Idaho Creationism: New Bill for 2016

Our friends at the National Center for Science Education (NCSE) just posted Bible-as-science-reference bill in Idaho. They say:

Idaho’s Senate Bill 1321 (PDF), introduced on February 12, 2016, and referred to the Senate Committee on State Affairs, would, if enacted, permit the use of the Bible in Idaho’s public schools “for reference purposes to further the study of” a variety of topics, including “astronomy, biology, [and] geology.”

Lordy, lordy. Your Curmudgeon has written about many creationist bills, although never one in Idaho. That state’s debut is a beaut — it certainly ranks up there with the best of them (“best” being a term that, in this context, depends on the observer’s sanity). NCSE also tells us:

The bill resembles a resolution (PDF, p. 4) adopted by the Idaho Republican Party in the summer of 2015. The executive director of the party told KBPO television (June 10, 2015), “if there is a school district that thinks having the Bible as part of the curriculum would be useful, this resolution is basically saying, ‘we support the idea of allowing them to have that tool in their tool box.'”

It’s always good to have a bible in one’s tool box. Let’s take a look at the operative parts of the new bill. It’s not very long. We’ll add some bold font where we think it’s appropriate:

Be It Enacted by the Legislature of the State of Idaho:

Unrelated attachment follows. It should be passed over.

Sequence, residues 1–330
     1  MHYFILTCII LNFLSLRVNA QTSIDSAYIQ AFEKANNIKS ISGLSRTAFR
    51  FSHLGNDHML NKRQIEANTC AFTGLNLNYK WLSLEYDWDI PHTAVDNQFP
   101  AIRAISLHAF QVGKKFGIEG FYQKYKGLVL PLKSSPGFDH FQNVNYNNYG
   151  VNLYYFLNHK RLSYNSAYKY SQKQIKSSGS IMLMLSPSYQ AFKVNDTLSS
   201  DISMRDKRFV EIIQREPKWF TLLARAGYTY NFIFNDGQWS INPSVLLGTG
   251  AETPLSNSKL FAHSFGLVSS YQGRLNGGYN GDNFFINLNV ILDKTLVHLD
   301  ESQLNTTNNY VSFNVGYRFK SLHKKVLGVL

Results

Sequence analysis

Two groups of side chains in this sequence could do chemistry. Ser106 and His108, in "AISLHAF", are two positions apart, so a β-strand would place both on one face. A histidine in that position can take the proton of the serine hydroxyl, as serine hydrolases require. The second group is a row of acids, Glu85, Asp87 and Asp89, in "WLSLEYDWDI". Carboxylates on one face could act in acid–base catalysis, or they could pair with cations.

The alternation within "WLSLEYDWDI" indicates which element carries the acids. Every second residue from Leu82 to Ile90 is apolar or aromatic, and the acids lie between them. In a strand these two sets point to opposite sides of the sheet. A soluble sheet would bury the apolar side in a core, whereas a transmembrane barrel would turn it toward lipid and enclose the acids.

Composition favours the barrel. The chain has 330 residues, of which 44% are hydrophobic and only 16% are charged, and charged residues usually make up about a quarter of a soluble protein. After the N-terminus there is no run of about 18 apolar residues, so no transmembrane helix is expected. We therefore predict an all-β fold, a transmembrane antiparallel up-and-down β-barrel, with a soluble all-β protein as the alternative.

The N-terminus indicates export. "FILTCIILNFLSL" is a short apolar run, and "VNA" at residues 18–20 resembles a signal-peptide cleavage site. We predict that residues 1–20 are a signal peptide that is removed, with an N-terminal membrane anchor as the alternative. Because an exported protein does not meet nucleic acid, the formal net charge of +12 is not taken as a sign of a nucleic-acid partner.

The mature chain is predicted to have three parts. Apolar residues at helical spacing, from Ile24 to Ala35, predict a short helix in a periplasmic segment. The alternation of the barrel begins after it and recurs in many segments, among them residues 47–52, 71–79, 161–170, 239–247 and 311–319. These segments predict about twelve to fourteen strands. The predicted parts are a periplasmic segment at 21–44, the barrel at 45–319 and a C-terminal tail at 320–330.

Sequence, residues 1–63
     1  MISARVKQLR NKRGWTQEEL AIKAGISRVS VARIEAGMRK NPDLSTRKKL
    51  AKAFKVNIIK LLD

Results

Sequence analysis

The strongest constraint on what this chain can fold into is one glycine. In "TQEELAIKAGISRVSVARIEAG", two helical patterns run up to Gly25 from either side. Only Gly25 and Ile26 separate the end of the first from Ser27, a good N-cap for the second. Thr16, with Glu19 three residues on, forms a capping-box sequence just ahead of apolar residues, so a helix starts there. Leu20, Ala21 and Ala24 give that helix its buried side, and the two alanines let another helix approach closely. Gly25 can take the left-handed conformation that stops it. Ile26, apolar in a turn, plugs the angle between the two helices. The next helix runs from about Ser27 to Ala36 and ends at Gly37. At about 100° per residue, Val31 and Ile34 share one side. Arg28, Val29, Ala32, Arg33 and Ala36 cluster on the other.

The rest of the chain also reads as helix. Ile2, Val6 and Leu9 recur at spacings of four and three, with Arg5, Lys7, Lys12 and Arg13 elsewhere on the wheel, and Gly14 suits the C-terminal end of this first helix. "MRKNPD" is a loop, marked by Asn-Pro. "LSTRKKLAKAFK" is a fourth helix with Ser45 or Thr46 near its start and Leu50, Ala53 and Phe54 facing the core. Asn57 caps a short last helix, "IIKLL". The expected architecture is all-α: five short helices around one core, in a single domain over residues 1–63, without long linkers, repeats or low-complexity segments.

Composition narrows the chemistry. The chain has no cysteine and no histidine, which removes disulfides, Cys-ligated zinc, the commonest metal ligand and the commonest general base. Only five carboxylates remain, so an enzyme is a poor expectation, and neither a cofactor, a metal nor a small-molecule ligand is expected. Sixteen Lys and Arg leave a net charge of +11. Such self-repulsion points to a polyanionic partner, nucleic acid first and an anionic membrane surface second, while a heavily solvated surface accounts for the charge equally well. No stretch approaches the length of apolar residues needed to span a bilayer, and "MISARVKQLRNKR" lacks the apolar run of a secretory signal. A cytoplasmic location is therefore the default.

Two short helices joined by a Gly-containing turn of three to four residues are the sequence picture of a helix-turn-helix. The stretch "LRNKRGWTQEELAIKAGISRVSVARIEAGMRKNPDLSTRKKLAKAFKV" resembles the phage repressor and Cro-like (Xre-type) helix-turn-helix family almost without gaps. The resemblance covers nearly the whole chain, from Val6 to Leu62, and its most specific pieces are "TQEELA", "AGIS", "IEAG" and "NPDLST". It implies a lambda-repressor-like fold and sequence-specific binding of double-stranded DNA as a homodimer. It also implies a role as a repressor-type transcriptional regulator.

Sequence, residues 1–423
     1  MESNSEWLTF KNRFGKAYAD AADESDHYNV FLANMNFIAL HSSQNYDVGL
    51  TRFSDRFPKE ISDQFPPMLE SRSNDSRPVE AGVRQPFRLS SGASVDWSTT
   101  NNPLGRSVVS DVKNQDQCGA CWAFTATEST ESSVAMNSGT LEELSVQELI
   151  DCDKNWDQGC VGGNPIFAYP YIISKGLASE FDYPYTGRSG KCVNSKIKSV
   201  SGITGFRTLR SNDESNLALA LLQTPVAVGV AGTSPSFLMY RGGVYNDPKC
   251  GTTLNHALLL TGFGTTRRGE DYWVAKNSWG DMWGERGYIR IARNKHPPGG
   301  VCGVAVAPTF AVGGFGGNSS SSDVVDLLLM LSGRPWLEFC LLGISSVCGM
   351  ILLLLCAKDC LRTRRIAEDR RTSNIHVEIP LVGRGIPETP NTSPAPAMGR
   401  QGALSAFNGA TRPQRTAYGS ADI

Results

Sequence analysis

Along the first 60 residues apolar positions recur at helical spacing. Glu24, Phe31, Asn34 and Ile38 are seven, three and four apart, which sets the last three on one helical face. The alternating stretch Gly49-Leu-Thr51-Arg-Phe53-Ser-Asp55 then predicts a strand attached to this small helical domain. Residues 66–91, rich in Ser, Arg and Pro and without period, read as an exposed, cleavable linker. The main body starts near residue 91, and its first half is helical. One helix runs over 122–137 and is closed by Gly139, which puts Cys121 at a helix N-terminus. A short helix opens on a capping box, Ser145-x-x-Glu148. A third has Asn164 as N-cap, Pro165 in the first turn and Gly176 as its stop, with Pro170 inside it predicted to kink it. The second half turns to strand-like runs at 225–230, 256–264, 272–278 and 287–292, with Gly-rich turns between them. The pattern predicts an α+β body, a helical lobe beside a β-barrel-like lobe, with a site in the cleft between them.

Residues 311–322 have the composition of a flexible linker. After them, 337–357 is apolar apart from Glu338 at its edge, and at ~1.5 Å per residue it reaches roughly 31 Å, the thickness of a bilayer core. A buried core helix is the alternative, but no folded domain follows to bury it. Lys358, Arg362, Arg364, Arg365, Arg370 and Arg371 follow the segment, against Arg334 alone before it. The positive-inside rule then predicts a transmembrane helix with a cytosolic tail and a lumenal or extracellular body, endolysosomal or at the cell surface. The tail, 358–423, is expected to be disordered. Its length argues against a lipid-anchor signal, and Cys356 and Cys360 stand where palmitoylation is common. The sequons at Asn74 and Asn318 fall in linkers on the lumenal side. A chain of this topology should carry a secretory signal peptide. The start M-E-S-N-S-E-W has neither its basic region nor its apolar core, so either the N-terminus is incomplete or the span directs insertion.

SECTION 1. That Section 33-1604 , Idaho Code, be, and the same is, hereby repealed.

SECTION 2. That Chapter 16, Title 33, Idaho Code, be, and the same is hereby amended by the addition thereto of a NEW SECTION, to be known and designated as Section 33-1604, Idaho Code, and to read as follows:

33-1604. USE OF THE BIBLE IN PUBLIC SCHOOLS. The Bible is expressly permitted to be used in Idaho public schools for reference purposes to further the study of literature, comparative religion, English and foreign languages, United States and world history, comparative government, law, philosophy, ethics, astronomy, biology, geology, world geography, archaeology, music, sociology, and other topics of study where an understanding of the Bible may be useful or relevant. No student will be required to use any religious texts for reference purposes if the student or parents of the student object.

This is the currently existing law, which the new bill would repeal:

33-1604. Bible reading in public schools. Selections from the Bible, to be chosen from a list prepared from time to time by the state board of education, shall be read daily to each occupied classroom in each school district. Such reading shall be without comment or interpretation. Any question by any pupil shall be referred for answer to the pupil’s parent or guardian.

We took a look at the Idaho Constitution, to see if there might be something relevant. Article I, Declaration of Rights, says, in Section 4. Guaranty of religious liberty:

… No person shall be required to attend or support any ministry or place of worship, religious sect or denomination, or pay tithes against his consent; nor shall any preference be given by law to any religious denomination or mode of worship. …

That looks good enough to block the public schools from teaching biblical astronomy, biology, geology, world geography, archaeology. Also, ARTICLE IX, Education and School Lands, says: